MooseX::Params - Subroutine signature declaration via attributes


version 0.010


  # use Moose types for validation
  # positional arguments are by default required
  sub add :Args(Int first, Int second) {
    return $_{first} + $_{second};

  say add(2, 3); # 5
  say add(2);    # error

  # @_ still works: you can ignore %_ if you want to
  sub add2 :Args(Int first, Int second) {
    my ($first, $second) = @_;
    return $first + $second;

  say add2(2, 3); # 5

  # '&' before a type constraint enables coercion
  subtype 'HexNum', as 'Str', where { /[a-f0-9]/i };
  coerce 'Int', from 'HexNum', via { hex $_ };

  sub add3 :Args(&Int first, &Int second) {
    return $_{first} + $_{second};

  say add3('A', 'B'); # 21

  # slurpy arguments consume the remainder of @_
  sub sum :Args(ArrayRef *values) {
    my $sum = 0;
    my @values = @{$_{values}};

    foreach my $value (@values) {
      $sum += $value;
    return $sum;

  say sum(2, 3, 4, 5); # 14

  # 'all' is optional:
  # if not present search the text within a file and return 1 if found, 0 if not
  # if present search the text and return number of lines in which text is found
  sub search :Args(text, fh, all?) {
    my $cnt = 0;

    while (my $line = $_{fh}->getline) {
      if ( index($line, $_{text}) > -1 ) {
        return 1 if not $_{all};

    return $cnt;

  # named arguments
  sub foo :Args(a, :b) {
    return $_{a} + $_{b} * 2;

  # say foo( 3, b => 2 ); # 7
  # say foo(4, 9);        # error
  # say foo(2);           # error
  # say foo(2, 3, 4);     # error

  # parameters are immutable, assign to a variable to edit
  sub trim :Args(Str string) {
      my $string = $_{string};
      $string =~ s/^\s*//;
      $string =~ s/\s*$//;
      return $string;

  # parameters can have simple defaults
  sub find_clothes :Args(:size = 'medium', :color = 'white') { ... }

  # or builders for more complex tasks
  sub find_clothes :Args(
    :size   = _build_param_size,
    :color  = _build_param_color,
    :height = 170 )
  { ... }

  sub _build_param_color {
      return (qw(red green blue))[ int( rand 3 ) ];

  # you can access all other parameters within a builder
  sub _build_param_size {
      return $_{height} > 200 ? 'large' : 'medium';

  # preprocess @_ with buildargs
  sub process_template
    :Args(input, output, params)
    say "open $_{input}";
    say "replace " . Dumper $_{params};
    say "save $_{output}";

  # if 'output' is not provided, deduct it from input filename
  sub _buildargs_process_template {
    if (@_ == 2) {
      my ($input, $params) = @_;
      my $output = $input;
      substr($output, -4, 4, "html");
      return $input, $output, $params;
    } else {
      return @_;

  my %data = (
    fname => "Foo",
    lname => "Bar",

  process_template("index.tmpl", \%data);
  # open index.tmpl
  # replace {"lname" => "Bar", "fname" => "Foo"}
  # save index.html

  process_template("from.tmpl", "to.html", \%data);
  # open from.tmpl
  # replace {"lname" => "Bar", "fname" => "Foo"}
  # save to.html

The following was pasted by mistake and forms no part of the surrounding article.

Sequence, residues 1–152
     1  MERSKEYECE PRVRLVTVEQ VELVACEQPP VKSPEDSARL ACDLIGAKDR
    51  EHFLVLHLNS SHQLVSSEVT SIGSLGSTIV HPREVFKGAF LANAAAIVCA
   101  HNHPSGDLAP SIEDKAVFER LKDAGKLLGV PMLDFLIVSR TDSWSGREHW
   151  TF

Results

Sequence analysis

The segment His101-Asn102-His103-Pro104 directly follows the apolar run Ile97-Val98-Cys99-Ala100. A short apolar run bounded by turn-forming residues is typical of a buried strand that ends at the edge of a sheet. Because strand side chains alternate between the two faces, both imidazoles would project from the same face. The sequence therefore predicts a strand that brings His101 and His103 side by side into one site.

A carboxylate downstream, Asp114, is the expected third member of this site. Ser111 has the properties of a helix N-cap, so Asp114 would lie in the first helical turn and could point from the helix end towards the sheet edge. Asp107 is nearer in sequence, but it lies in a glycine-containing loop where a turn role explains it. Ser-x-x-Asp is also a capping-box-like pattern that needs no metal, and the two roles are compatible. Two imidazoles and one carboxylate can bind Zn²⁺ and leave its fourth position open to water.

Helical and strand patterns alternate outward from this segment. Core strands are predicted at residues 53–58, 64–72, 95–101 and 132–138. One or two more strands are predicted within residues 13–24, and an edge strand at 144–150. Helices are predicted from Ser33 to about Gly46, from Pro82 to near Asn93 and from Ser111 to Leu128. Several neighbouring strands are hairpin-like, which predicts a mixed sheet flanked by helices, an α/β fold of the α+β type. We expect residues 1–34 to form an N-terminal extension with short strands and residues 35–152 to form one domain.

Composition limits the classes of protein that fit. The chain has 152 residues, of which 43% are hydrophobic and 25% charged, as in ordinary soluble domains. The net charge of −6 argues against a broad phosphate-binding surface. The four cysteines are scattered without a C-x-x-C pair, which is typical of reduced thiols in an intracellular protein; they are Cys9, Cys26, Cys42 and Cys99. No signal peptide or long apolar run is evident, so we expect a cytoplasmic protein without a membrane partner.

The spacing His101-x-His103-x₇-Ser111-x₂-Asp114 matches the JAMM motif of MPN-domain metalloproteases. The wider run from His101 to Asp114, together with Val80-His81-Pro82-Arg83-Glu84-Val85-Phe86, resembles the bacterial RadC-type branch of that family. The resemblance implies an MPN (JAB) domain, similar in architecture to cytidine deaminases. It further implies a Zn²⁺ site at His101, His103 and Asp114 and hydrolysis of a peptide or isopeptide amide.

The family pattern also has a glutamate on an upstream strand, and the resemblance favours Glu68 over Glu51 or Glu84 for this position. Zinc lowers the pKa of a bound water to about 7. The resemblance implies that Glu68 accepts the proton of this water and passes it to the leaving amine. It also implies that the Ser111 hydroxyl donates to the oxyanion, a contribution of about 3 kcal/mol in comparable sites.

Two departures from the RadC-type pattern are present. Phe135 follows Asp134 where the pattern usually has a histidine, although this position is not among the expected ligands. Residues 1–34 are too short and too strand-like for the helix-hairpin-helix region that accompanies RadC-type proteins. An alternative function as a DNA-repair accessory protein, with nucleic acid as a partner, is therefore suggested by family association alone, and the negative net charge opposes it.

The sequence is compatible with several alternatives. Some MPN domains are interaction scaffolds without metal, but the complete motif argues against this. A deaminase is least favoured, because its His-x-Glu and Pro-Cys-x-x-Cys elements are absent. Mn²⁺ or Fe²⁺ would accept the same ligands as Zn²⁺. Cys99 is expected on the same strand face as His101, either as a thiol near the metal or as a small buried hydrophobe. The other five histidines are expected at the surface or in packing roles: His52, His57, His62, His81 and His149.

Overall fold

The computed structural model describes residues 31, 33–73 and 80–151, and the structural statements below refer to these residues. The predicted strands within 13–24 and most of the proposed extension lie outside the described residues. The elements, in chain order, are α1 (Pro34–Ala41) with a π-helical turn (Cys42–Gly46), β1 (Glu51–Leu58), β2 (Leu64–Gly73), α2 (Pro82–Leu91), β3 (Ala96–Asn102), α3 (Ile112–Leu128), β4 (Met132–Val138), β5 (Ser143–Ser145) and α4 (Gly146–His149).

# additional validation with checkargs
  sub process_person
    :Args(:first_name!, :last_name!, :country!, :ssn?)
    :CheckArgs # shortcut for :CheckArgs(_checkargs_${subname})
  { ... }

  sub _checkargs_process_person {
    if ( $_{country} eq 'USA' ) {
      die 'All US residents must have an SSN' unless $_{ssn};

  # return value validation
  sub sum :Args(a, b) :Returns(Num) { ... }

  # validate non-scalar return values
  sub get_data :Returns(Array) { qw(foo bar baz) }
  my ($foo, $bar, $baz) = get_data();

  # force special behavior in sclar context
  sub get_winners :Returns(Array) :ReturnsScalar(First) {
    my @ordered_winners = ...;
    return @ordered_winners;

  my $first_place = get_winners();

  # in a class
  package User;

  use Moose;
  use MooseX::Params;
  use DateTime;

  extends 'Person';

  has 'password' => (
    is  => 'rw',
    isa => 'Str',

  has 'last_login' => (
    is      => 'rw',
    isa     => 'DateTime',

  # note the shortcut invocant syntax
  sub login :Args(self: Str pw) :Returns(Bool) {
    return 0 if $_{pw} ne $_{self}->password;

    $_{self}->last_login( DateTime->now() );

    return 1;


This module provides an attributes-based interface for parameter processing in Perl 5. For the original rationale see

The proposed interface is based on three cornerstone propositions:

  • Parameters are first-class entities that deserve their own meta protocol. A common meta protocol may be used by different implementations (e.g. this library, MooseX::Params::Validate, MooseX::Method::Sigantures) and allow them to coexist better. It is also the necessary foundation for more advanced features such as multimethods and extended role validation.

  • Parameters should benefit from the same power and flexibility that Moose attributes have. This module implements most of this functionality, including laziness.

  • The global variable %_ is used as a placeholder for processed parameters. It is considered by the author of this module as an intuitive alternative to manual unpacking of @_ while staying within the limits of traditional Perl syntax.


This is still an experimental module and is subject to backwards incompatible changes. It is barely tested and most certainly has serious lurking bugs, has a lot of room for performance optimizations, and its error reporting could be vastly improved.


Version 0.005 removes the interface based on the method keyword, and retains only the attributes-based interface. Also, $self is no longer localized inside methods, you must use $_{self} instead.


Signatures are declared with the :Args attribute. All parsed parameters are made available inside your subroutine within the special %_ hash. All elements of %_ are read-only, and an attempt to modify them will throw an exception. An attempt to use a hash element which is not a valid parameter name for this subroutine will also throw an exception. @_ is not affected by the use of signatures, so you can still use it to manually unpack arguments if you want to.

Parameter names

Parameter names can by any valid perl identifiers, and they are separated by commas.

  sub rank :Args(first, second, third) {
    say "$_{first} is first, $_{second} is second, and $_{third} is third";


Method signatures can specify their invocant as the first parameter, followed by a colon:

  sub rank :Args(self: first, second, third) {
    my $competition = $_{self}->competition;

Type constraints

Moose type constraints may be used for validation.

  sub rank :Args(Str first, Str second, Str third) { ... }

An ampersand before a type enables coercion for this type.

  subtype 'Name' ...;

  coerce 'Name', from 'Str', via { ... };

  sub rank :Args(&Name first, &Name second, &Name third) { ... }

Positional and named parameters

Parameters are by default positional.

  sub rank :Args(first, second, third) { ... }
  # rank('Peter', 'George', 'John')

Named parameters are prefixed by a colon.

  sub rank :Args(:first, :second, :third) { ... }
  # rank( first => 'Peter', second => 'George', third => 'John')